Why do National Post columnists publish piece after piece attacking climate science?
According to the guy who edits them, it's because they're blinded by ideology.
Here's what Jonathan Kay, the National Post's comments page editor and a guy who is generally considered a right-of-centre commentator in his own right, said on CBC's The National Sunday night, just after the largest ever climate change march and on the eve of the United Nations Climate Summit on Tuesday.
"The people I work with at the National Post — because there are some colleagues I have who are what you may call 'climate change deniers' — generally the one universal aspect is that they tend to be right-wing in their thinking, they see market-based solutions as the solution to enriching our society in every respect and it bothers them, the idea that here's this problem that cannot be solved with unfettered industrial activity."
Watch the remarkable and breathtakingly frank admission about why "they end up rejecting the climate change science":
For those keeping track, this isn't the first time Kay has heaped scorn on colleagues for writing with horse blinders on.
In 2010, Kay condemned the "paranoid" writings of climate change deniers promoting the idea that "global warming is some sort of giant intellectual fraud." He elaborated: "one can't help but be reminded of the folks who point out the fluttering American flag in the moon-landing photos, or the 'umbrella man' from the Zapruder film of JFK's assassination."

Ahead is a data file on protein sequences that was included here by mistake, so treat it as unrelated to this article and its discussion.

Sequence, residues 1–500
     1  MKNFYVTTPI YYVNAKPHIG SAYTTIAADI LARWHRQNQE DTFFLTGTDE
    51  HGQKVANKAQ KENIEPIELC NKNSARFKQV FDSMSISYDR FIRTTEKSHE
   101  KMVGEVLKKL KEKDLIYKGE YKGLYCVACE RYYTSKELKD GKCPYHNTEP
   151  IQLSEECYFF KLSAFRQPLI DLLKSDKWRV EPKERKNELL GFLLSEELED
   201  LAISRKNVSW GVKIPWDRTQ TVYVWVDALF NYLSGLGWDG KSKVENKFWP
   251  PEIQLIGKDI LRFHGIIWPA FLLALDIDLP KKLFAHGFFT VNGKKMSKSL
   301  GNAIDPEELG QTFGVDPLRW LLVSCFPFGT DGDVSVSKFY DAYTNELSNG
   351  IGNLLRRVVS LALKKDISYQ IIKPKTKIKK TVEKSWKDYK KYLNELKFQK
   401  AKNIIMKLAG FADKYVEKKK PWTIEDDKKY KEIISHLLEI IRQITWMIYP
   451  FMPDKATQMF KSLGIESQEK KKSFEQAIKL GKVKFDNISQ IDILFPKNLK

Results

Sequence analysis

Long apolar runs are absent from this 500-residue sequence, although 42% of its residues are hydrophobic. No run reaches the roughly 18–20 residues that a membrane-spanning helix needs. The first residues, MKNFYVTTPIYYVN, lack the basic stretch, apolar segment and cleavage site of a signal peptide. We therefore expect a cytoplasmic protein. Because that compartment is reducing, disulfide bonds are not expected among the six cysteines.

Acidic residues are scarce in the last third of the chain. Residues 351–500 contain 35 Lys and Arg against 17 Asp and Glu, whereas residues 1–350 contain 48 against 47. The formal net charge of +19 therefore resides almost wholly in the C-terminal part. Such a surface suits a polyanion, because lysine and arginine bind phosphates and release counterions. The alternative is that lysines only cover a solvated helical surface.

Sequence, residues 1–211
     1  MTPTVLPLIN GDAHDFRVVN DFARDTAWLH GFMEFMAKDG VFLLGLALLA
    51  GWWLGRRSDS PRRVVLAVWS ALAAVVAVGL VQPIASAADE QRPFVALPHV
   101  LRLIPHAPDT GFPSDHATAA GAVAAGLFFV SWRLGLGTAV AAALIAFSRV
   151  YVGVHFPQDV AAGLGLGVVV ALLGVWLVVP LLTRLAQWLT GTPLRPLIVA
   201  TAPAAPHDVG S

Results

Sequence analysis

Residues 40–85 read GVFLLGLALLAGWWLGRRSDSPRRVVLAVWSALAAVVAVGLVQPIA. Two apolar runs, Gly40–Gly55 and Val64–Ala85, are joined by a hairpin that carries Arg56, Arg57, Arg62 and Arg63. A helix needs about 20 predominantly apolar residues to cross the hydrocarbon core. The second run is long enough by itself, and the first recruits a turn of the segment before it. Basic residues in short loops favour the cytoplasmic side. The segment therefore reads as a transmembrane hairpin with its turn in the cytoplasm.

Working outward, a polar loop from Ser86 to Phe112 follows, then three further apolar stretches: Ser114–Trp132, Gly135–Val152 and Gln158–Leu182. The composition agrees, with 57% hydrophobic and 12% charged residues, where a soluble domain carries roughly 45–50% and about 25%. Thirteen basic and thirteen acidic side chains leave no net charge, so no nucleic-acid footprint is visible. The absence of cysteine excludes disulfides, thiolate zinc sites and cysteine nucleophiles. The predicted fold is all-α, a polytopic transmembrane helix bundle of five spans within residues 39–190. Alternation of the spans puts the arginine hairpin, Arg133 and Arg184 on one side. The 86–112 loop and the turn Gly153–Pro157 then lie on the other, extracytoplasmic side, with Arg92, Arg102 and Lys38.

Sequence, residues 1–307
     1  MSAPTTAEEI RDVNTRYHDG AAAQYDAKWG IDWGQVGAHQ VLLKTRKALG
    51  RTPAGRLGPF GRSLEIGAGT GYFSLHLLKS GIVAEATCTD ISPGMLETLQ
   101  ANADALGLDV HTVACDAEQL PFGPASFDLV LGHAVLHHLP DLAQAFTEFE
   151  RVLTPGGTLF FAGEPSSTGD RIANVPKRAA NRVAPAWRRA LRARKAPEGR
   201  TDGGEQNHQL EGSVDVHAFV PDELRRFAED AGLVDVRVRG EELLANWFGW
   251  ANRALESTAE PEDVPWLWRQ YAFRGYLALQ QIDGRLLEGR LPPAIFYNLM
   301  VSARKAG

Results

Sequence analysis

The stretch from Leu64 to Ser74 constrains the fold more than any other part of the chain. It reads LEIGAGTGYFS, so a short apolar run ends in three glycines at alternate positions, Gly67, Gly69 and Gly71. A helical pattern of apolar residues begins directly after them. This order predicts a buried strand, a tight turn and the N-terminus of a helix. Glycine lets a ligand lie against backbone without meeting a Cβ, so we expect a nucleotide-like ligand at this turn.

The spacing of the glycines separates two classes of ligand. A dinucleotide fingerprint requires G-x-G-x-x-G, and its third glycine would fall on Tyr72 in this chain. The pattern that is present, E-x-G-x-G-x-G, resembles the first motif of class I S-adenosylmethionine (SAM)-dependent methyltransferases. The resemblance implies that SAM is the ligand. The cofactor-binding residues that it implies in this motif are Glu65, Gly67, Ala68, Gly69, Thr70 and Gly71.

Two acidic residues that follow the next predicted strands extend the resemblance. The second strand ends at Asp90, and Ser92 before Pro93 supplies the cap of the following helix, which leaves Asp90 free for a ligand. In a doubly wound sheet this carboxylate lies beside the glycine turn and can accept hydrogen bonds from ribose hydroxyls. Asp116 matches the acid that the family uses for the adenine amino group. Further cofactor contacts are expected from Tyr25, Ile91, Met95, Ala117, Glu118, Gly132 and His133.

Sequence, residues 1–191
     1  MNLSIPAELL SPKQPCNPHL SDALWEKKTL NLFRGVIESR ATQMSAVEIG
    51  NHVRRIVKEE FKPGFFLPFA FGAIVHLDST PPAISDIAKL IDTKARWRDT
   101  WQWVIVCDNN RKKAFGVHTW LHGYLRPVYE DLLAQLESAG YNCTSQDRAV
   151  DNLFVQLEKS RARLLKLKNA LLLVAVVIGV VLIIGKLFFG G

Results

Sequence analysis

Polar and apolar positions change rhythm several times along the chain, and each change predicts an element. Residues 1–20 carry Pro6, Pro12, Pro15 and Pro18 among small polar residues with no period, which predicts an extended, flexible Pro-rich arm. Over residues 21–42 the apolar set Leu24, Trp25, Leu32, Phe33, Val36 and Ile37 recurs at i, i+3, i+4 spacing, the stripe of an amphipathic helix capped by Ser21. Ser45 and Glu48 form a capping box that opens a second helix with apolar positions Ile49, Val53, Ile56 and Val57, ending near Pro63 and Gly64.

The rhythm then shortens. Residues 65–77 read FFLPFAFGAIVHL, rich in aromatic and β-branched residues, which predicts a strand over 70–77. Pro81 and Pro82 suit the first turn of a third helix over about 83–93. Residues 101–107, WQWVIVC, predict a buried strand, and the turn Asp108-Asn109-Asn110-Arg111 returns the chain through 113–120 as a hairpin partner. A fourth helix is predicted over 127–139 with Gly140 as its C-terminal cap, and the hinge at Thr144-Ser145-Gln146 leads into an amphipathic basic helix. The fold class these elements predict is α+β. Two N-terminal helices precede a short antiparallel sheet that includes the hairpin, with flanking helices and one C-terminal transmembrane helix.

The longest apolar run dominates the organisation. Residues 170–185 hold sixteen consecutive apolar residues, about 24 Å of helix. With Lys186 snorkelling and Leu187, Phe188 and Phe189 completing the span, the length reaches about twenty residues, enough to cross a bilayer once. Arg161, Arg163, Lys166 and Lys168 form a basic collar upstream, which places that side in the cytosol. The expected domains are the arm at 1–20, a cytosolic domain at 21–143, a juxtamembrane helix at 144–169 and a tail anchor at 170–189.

"In the case of global warming, this dissonance is especially traumatic for many conservatives, because they have based their whole worldview on the idea that unfettered capitalism — and the asphalt-paved, gas-guzzling consumer culture it has spawned — is synonymous with both personal fulfillment and human advancement. The global-warming hypothesis challenges that fundamental dogma, perhaps fatally."
In that instance, Kay singled out Terence Corcoran and Rex Murphy — pointing to Corocoran's claims of the "growing skepticism about the theory of man-made climate change" and Murphy's declaration that we have reached "the church of global warming's Galileo moment."
Kay added: "Fine-sounding rhetoric — but all of it nonsense."
Well, that explains that.
Wonder if the same ideological tunnel-vision Kay describes explains why the National Post consistently tries to derail attempts to find solutions to climate change or make sure industry has adequate checks and balances too?